Youth in Government


Leaders are developed by doing, and the Wisconsin Youth in Government (YIG) program seeks to foster the next generation of thoughtful, committed, and active citizens. This program is open to all students in grades 7-12 and aims to enable young people to prepare for leadership through participatory training in the theory and practice of determining public policy.

Guided by the organization’s motto, “Democracy must be learned by each generation,” our program builds values-based leadership and civic engagement in Wisconsin’s youth in order to strengthen participation in our democracy. Our efforts build, strengthen, and encourage life assets and positive character traits. The hands-on program provides positive opportunities and experiences for youth. Participants strengthen their communities by becoming active and responsible contributors who are inspired to lead and are empowered to create meaningful change.

Through Youth In Government, you have the opportunity to:

► Join youth leaders from around the state to debate issues that are important to you
► Listen to and learn from delegates with different experiences
► Research public issues and become aware of local, state, national and international concerns
► Accept your civic responsibilities and your leadership role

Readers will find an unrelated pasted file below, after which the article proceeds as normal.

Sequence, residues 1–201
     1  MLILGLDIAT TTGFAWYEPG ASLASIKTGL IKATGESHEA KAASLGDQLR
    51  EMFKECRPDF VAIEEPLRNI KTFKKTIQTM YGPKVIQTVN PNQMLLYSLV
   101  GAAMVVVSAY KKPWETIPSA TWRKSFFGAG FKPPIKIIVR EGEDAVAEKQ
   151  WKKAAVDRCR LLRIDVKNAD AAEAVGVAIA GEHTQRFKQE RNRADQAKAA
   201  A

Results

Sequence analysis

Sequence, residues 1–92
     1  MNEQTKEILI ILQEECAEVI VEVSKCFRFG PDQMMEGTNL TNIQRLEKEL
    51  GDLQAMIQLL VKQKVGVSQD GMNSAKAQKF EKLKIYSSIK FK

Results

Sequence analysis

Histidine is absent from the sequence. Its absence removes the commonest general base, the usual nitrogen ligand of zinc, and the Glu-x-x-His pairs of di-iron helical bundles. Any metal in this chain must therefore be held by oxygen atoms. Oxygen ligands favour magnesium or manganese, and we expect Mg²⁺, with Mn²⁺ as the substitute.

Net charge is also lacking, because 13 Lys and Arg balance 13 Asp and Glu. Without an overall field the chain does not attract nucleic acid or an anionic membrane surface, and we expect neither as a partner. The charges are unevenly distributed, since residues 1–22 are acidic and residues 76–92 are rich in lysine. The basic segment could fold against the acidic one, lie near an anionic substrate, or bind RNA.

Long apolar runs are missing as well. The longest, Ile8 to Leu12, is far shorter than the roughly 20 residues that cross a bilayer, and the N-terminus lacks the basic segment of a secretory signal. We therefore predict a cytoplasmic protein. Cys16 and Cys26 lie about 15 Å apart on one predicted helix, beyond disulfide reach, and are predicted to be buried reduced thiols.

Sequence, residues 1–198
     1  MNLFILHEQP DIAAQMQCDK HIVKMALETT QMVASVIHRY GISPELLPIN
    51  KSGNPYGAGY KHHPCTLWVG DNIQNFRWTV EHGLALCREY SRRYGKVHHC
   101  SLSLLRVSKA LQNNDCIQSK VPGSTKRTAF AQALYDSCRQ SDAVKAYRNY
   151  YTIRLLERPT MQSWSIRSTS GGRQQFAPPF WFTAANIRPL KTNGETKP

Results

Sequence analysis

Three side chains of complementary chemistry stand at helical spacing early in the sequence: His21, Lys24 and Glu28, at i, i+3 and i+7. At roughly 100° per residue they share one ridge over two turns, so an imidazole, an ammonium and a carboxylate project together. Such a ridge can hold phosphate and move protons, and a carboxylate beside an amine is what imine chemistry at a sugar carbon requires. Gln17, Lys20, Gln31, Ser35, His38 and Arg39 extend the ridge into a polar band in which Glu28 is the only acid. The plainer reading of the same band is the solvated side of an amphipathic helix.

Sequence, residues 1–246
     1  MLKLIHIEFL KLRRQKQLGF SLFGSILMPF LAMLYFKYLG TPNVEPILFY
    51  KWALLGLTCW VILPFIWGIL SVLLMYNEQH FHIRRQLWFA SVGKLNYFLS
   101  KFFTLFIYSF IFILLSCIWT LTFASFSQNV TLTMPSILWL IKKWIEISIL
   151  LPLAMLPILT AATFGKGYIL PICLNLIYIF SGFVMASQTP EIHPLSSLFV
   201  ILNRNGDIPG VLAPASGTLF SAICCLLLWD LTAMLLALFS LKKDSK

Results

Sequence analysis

► Let your voice be heard and get involved in the decision-making process

Local Delegations:

► Chippewa
► Dane County
► Door County
► Eau Claire
► Fox Cities
► Kettle Moraine
► Manitowoc
► Racine
► Stevens Point
Sun Prairie
► Wausau

Wisconsin Youth in Government begins each fall and runs through the Model Government conference in the spring. All members of each delegation serve in one of three program areas: as student legislators in the assemblies or Senate, as justices in the Supreme Court, or as media personnel in the Press Corps. Delegates spend 3 months in their local delegations researching and writing model bills or preparing cases.

All the delegations from across the state come together twice each year. First, they meet for a Pre-Government Convention (Pre-Gov) in January. At Pre-Gov, delegates elect their leadership and rank all student-written bills in committee. The second all-state convention takes place in the spring. At this Model Government session in Madison, the delegates “take over” the state capitol building, using the assemblies and chambers to conduct their own program.

Bills, which were ranked at Pre-Gov, are presented and debated in the assemblies and Senate. If they pass two of three houses, they are signed or vetoed by the Youth Governor. Bill writing for Model Government is not just practice; bills signed by the Youth Governor are taken to the leadership of the Wisconsin Legislature. Bills first introduced at Model Government have gone further to become Wisconsin law.

Students in the Supreme Court rotate between serving as a justice and presenting cases. They are given the case information and informed of their position, either Respondent or Appellant. They write the brief for the case and then work on oral arguments.

The Press Corps students represent the media contingent. During the Model Government session, the conduct interviews, track legislation, and create content through their newspaper, blog, social media sites, and video.